The Birth of the Beatles

The Birth of the Beatles

Percy Phillips started cutting discs for members of the public, as well as for actors from the Liverpool Playhouse, who often stayed in the first-floor boarding rooms above the studio, who were sometimes asked by Phillips to record monologues and poems. These included the actors John Thaw, Richard Briers, and the ventriloquist Ray Alan.

For the first couple of years, Phillips made music compilation discs for local businesses such as the local ice rink or cinema, men singing songs for loved ones, children playing an instrument, or even a neighbour’s dog howling along to piano accompaniment. As the record shop and studio took over the business, he had a brass plate made which he put on the wall just outside the front door, and had labels made for the discs, but changed the design of the disc label every year. By 1957, Phillips was recording more and more groups of young men with guitars, basses, washboards and drums, who played skiffle.

Ron Wycherly (a.k.a. Billy Fury) recorded several songs onto disc in the studio, including, "I'm Left You're Right She's Gone", "Playin' For Keeps", "Paralyzed" and (all previously released by Elvis Presley) as well as, "Have I Told You Lately That I Love You" (Lulu Belle and Scotty). Fury's mother sent the songs to impresario Larry Parnes, which started her son's singing career. Johnny 'Guitar' Byrne (from Rory Storm and The Hurricanes) and singer Paul Murphy recorded a version of "Butterfly" and "She’s Got it" in the studio on 22 June 1957, and Byrne later played the recording to George Harrison.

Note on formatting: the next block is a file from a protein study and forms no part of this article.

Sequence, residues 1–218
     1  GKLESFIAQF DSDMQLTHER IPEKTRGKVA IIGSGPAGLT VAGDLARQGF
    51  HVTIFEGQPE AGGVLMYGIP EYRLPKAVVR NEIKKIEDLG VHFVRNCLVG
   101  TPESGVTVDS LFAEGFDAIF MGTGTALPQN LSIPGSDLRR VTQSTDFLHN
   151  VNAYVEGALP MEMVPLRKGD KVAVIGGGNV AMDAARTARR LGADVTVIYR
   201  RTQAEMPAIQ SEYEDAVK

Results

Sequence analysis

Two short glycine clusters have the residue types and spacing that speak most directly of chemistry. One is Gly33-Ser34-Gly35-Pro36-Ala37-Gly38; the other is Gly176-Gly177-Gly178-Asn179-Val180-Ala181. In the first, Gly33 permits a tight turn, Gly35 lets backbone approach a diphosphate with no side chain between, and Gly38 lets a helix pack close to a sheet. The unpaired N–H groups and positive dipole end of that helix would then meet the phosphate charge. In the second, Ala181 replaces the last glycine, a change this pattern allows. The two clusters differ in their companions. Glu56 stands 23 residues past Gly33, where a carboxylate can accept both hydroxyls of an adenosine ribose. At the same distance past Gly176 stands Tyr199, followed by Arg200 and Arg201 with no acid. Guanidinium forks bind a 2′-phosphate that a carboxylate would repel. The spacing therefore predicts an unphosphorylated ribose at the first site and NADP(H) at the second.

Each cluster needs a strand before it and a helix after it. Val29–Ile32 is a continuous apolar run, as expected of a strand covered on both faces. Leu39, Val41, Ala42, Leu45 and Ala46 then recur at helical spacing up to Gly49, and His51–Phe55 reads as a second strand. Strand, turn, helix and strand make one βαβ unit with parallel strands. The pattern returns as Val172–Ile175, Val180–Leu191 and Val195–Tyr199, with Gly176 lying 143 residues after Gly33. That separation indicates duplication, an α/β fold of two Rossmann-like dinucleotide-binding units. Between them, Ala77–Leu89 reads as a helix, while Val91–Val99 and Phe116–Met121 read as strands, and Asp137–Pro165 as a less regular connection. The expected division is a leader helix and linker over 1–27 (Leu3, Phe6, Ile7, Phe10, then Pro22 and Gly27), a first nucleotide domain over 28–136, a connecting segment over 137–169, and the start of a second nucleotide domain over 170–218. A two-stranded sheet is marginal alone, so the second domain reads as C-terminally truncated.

The most famous recording made at Phillips Sound Recording Services is by John Lennon’s Liverpool skiffle group, the Quarrymen. The 10inch aluminium and acetate disc was cut by Percy Phillips (according to the Studio Log) on the 12th July 1958, at a cost of eleven shillings and three pence (11/3). There is some debate about both the date and the price of the recording, as the various people who were there have different recollections.

The commemorative Blue Plaque on the front wall of 38 Kensington claims it was 14th July 1958. But it is generally agreed by the remaining Quarrymen, that it was Saturday 12th July 1958. According to the Studio Log, the cost of the session was 11/3. John Lowe of the Quarrymen remembers it costing 17/6. 17/6 was the price of a recording made first onto tape and then onto disc, which allowed some room for mistakes by the performer. But as the Quarrymen didn’t have enough money between them, they had to play directly onto disc, so the price was almost certainly 11/3. This famous recording contains two songs by the Quarrymen (John Lennon, Paul McCartney, George Harrison, John Lowe and Colin Hanton), playing three acoustic guitars, piano and drums. This is the only disc the Beatles ever made in Liverpool. On the 'A' side is the Buddy Holly song ‘That’ll Be The Day’ and on the 'B' side Paul McCartney and George Harrison's first ever composition (and indeed the only song they ever recorded that was credited to the two of them only) ‘In Spite Of All The Danger’.

Other customers of Phillips' studio included The Swinging Blue Jeans, Brian Epstein, Freddie Starr, Willy Russell, Liverpool F.C. supporters club, and players from Everton F.C.. Denny Seyton and The Sabres recorded "Little Latin Lupe Lu" (Bill Medley) in the studio in 1963.Phillips closed the studio in 1969, the record shop in 1974, and died in 1984, at the Royal Liverpool Hospital.

The recording of The Quarrymen acetate and the site of Phillips' Sound Recording Services was commemorated on 26 August 2005, when a Blue Plaque was unveiled by two of The Quarrymen (Lowe and Hanton) on the front of the house. Record Collector magazine valued the Beatles related disc (still owned by McCartney) at a value of £200,000 in their 2016 "Rare Record Price Guide."